For a technology that measures millimetres and nanoseconds, it might seem counterintuitive that GNSS can support cutting-edge science on the planetary-and even interplanetary-scale.

But with the aid of two types of NovAtel antenna designs, that is happening today. After all, a GNSS receiver is helpless without the antenna element that pulls satellite signals into its digital processing channels.

The Atomic Clock Ensemble in Space (ACES), a payload destined for installation on the International Space Station (ISS), will use two exceptionally accurate clocks along with GNSS receivers coupled with a NovAtel antenna for a variety of experments, including a test of the theory of relativity.

Back on Earth, an innovative dual-antenna design is making it possible to map subterranean formations thousands of metres below the surface without ripping up the surface ecosystems.

Keeping Up with Einstein

ACES will use two atomic clocks-PHARAO, a cesium cold-atom clock developed and provided by CNES, the French space agency, and a space hydrogen maser (SHM), which is being contributed by the Swiss. The time kept by the clocks whirling by in orbit will be compared with that maintained by laboratory clocks on the ground to try and detect any differences.

The idea is to test the relativity theories of noted physicist Albert Einstein, says Dr. Achim Helm, the project integration manager of the project for Germany's Astrium Space Transportation, which is building ACES for the European Space Agency (ESA).

“Time is one element that you can measure with very, very high precision, and now the clocks are in a range where we can really see and check whether Einstein is right,” says Helm. “We (also) want to look to see if some physical constants really are not constants. If we can prove this, then physics has to be rewritten.”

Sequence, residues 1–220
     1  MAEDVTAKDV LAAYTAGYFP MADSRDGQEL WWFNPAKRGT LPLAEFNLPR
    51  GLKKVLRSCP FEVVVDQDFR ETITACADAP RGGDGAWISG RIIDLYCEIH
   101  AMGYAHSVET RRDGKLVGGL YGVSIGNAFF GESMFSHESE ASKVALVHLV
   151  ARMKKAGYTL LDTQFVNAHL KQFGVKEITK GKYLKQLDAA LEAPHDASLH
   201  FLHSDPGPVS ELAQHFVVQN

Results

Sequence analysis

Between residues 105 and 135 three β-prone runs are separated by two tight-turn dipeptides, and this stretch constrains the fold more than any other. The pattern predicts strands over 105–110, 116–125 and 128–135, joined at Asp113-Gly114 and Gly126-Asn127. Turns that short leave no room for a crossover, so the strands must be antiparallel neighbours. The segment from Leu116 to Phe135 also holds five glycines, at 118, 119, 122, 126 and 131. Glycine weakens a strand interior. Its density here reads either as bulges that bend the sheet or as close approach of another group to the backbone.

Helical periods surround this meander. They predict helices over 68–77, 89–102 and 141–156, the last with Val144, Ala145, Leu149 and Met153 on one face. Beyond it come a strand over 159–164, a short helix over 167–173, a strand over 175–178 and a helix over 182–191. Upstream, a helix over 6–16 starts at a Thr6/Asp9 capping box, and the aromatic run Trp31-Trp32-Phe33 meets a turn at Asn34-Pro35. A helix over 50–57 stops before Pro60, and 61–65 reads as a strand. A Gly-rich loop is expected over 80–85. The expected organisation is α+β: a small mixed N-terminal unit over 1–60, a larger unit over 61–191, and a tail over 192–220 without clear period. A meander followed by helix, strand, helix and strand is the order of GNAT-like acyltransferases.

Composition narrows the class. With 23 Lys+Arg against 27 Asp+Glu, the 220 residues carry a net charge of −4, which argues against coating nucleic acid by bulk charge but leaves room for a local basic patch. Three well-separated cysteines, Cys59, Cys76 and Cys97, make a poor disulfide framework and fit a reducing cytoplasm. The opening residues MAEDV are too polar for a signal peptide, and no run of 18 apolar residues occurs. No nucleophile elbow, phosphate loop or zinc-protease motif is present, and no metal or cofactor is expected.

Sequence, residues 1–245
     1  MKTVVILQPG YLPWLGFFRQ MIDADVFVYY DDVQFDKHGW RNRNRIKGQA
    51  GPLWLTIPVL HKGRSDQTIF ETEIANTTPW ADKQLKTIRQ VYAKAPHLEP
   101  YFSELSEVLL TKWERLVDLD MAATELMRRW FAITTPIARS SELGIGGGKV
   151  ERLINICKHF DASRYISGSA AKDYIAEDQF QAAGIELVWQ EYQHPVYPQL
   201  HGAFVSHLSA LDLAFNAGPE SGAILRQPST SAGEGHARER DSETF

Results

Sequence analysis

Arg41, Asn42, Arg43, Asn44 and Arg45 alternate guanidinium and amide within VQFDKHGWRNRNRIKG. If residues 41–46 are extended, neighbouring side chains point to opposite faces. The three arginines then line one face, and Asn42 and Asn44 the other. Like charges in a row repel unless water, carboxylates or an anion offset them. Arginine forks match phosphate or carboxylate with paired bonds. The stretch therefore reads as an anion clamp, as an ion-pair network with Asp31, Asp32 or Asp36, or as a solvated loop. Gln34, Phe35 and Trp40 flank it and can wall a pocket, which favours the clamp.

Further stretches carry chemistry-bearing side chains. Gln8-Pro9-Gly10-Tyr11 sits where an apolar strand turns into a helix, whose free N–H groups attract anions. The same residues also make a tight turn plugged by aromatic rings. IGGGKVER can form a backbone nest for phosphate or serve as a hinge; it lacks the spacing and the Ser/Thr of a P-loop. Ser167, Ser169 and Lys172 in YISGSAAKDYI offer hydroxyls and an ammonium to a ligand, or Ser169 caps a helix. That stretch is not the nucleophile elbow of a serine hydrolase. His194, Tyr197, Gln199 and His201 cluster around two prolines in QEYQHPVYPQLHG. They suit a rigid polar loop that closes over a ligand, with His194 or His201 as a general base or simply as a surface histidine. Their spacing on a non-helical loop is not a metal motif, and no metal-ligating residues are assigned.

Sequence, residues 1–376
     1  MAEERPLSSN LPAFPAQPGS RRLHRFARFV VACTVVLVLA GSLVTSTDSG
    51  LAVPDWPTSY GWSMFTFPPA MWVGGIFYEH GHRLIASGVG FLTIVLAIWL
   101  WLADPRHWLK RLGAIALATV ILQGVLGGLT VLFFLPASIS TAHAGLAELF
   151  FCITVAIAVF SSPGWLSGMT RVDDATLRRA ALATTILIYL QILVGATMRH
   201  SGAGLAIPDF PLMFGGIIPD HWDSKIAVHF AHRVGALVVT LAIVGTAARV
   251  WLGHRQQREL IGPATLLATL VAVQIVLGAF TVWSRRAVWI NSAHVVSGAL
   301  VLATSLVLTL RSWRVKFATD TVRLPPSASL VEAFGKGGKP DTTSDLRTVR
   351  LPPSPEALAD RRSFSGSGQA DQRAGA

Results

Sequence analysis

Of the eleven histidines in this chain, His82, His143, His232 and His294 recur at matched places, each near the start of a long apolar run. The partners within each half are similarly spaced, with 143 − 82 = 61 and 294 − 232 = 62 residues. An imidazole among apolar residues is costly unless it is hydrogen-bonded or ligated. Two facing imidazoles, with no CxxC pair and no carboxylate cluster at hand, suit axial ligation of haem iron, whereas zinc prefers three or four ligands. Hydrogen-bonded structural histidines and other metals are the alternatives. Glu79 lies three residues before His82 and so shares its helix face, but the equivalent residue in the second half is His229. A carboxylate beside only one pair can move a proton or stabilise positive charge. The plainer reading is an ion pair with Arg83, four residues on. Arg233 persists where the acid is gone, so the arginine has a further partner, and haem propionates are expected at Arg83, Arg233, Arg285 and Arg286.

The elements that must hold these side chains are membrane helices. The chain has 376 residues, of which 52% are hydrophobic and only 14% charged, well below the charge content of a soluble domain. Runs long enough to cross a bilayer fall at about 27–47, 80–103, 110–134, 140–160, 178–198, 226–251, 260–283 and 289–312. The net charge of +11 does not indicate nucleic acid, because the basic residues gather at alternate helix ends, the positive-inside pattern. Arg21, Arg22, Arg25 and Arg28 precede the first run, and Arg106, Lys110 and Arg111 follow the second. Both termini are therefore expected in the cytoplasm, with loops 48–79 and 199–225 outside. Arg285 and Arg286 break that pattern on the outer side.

“These clocks are so sensitive that they can determine their position in space-time,” explains Robert Tjoelker, supervisor of the Frequency

and Timing Advanced Instrument Development Group at NASA's Jet Propulsion Laboratory. JPL is developing one of the ground reference clocks.

“The distortion in space-time due to the mass of the Earth has to be corrected in any atomic clock that is flown in space,” Tjoelker continues. “So the orbit of the ISS entity eccentricity-or the variations of [the space station's] distance from the center of the Earth-cause shifts in clocks due to the theory of relativity.” These shifts can be observed with atomic clocks and measured at very high levels of precision.

To find the answers, however, researchers need to have a precise position for the clocks in orbit.

The clocks are orbiting the planet at a certain known velocity, explained Helm. This velocity causes relativistic effects, and researchers can model these relativistic effects. “As an input parameter for that, we need to know the position and velocity of the ISS and this is done with a GNSS receiver,” adds Helm.